Building a startup (2/3): finding an issue worth solving

When there is a fit between the team and the theme, as described in the previous article in this series, it is important to find a problem that is large enough and solved by the team. This is done as quickly as possible, supported by own data.

Build, measure, learn

Working on the basis of your own data means entering the field and discussing the bottleneck with existing potential customers. For example, interview a few dozen retailers for a challenge within retail. In order to build up a customer profile.

A startup receives support in developing fast learning processes. The crux is easy to understand assumptions in order to take it a step further: build, measure, learn. So different than in the academic world. Therefore, there is a sharp focus on time and priorities. That sometimes takes time to getting used to, but adding a routine to that process makes it second nature to validate assumptions as quickly and economically as possible.

Collaboration in a team

Understanding the market is crucial. That means listening well and filtering what is essential. After all, it is human to want to see your assumption confirmed, while it is useful that your target group disproves it.

At the same time, there is continuous coaching on teamwork. Because one founder mainly works internally (product development) and the other externally (sales / marketing), they want to avoid growing away from each other. Where they increasingly follow their own vision, but avoid conflicts. Entering into those conflicts early is particularly important for sharpening the common vision. "It is tempting to avoid conflicts, but setting boundaries at the start is crucial to success," said Anne-Jean de Vries, personal coach at Holland Startup.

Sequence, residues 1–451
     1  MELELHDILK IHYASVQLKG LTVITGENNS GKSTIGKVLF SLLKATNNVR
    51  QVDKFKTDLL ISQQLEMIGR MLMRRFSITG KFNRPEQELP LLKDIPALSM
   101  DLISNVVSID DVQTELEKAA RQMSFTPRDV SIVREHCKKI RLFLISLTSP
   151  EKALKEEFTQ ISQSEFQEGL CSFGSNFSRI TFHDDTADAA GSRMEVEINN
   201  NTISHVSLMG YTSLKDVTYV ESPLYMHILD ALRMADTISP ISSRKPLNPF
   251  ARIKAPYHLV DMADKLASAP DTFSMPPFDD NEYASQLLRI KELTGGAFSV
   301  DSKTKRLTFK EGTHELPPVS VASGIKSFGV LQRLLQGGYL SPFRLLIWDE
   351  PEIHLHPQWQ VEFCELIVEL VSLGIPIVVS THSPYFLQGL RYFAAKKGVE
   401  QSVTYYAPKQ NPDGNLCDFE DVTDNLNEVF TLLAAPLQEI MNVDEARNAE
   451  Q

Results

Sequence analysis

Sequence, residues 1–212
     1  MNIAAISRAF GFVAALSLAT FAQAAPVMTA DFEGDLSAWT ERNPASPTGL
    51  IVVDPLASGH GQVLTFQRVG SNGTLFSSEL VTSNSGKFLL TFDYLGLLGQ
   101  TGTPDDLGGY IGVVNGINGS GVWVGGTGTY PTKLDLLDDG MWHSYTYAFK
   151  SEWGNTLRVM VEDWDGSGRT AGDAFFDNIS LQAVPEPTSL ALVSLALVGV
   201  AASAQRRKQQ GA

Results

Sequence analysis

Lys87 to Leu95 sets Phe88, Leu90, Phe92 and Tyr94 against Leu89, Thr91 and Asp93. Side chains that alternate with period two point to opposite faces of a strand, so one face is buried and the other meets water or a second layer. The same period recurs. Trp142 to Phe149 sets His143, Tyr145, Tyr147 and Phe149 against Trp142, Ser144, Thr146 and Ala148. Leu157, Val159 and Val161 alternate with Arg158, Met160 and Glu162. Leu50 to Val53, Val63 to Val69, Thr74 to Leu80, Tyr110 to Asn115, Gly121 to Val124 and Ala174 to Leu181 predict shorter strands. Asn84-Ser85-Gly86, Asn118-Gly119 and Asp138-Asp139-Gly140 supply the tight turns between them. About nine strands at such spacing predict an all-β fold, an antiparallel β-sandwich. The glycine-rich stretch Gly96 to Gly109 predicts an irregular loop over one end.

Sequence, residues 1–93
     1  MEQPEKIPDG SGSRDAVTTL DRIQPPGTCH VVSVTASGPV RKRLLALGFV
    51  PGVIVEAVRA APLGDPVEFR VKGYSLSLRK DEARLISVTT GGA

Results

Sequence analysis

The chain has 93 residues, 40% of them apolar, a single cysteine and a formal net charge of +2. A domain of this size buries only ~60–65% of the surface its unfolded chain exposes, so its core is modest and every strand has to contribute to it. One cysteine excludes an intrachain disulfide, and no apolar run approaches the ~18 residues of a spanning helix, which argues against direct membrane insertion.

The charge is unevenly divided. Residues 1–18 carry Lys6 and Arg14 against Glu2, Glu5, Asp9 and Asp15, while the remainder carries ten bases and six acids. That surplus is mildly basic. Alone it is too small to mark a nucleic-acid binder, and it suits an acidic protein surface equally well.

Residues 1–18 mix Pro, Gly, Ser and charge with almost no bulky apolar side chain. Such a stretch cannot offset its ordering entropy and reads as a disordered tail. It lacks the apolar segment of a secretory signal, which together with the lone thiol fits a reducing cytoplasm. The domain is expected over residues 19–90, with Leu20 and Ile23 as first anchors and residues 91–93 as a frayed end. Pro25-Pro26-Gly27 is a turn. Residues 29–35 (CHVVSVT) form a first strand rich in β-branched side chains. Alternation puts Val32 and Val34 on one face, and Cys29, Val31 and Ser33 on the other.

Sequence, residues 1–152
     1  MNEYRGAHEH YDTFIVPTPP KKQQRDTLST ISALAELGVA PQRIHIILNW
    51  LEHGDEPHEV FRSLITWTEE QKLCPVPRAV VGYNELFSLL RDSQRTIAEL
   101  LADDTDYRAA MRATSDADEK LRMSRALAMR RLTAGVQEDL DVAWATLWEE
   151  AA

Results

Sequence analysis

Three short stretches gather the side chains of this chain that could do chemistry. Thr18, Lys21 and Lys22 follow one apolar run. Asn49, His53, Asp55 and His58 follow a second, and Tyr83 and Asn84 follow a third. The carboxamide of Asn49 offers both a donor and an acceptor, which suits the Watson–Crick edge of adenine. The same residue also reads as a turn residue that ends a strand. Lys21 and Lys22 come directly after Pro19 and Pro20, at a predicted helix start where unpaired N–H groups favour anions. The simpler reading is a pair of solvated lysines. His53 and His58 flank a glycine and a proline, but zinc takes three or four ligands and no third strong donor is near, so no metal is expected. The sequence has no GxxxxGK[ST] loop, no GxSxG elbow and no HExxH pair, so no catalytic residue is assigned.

For all this, Anne-Jean and other Holland Startup coaches speak to the teams every week. In short, it is a feedback on the experiments done, the results and a look at what the next experiment will look like.

Proof of concept

After a few months it becomes clear that there is a clear problem and a customer, a team delivers a proof of concept. Where it shows that there is a clear demand for their solution. In the form of a number of customers on a waiting list, for example. This is followed by a pitch to the representatives of the Holland Startup fund. And, at a go, a pitch to the investment committee. If this is also assessed positively, an investment and a new phase will follow.

If the proposition is not convincing enough, the team will step back into the process.

In this series of articles we explain how Holland Startup builds talented companies step by step, in its own way. Klik hier om door te gaan naar het laatste deel van deze serie.

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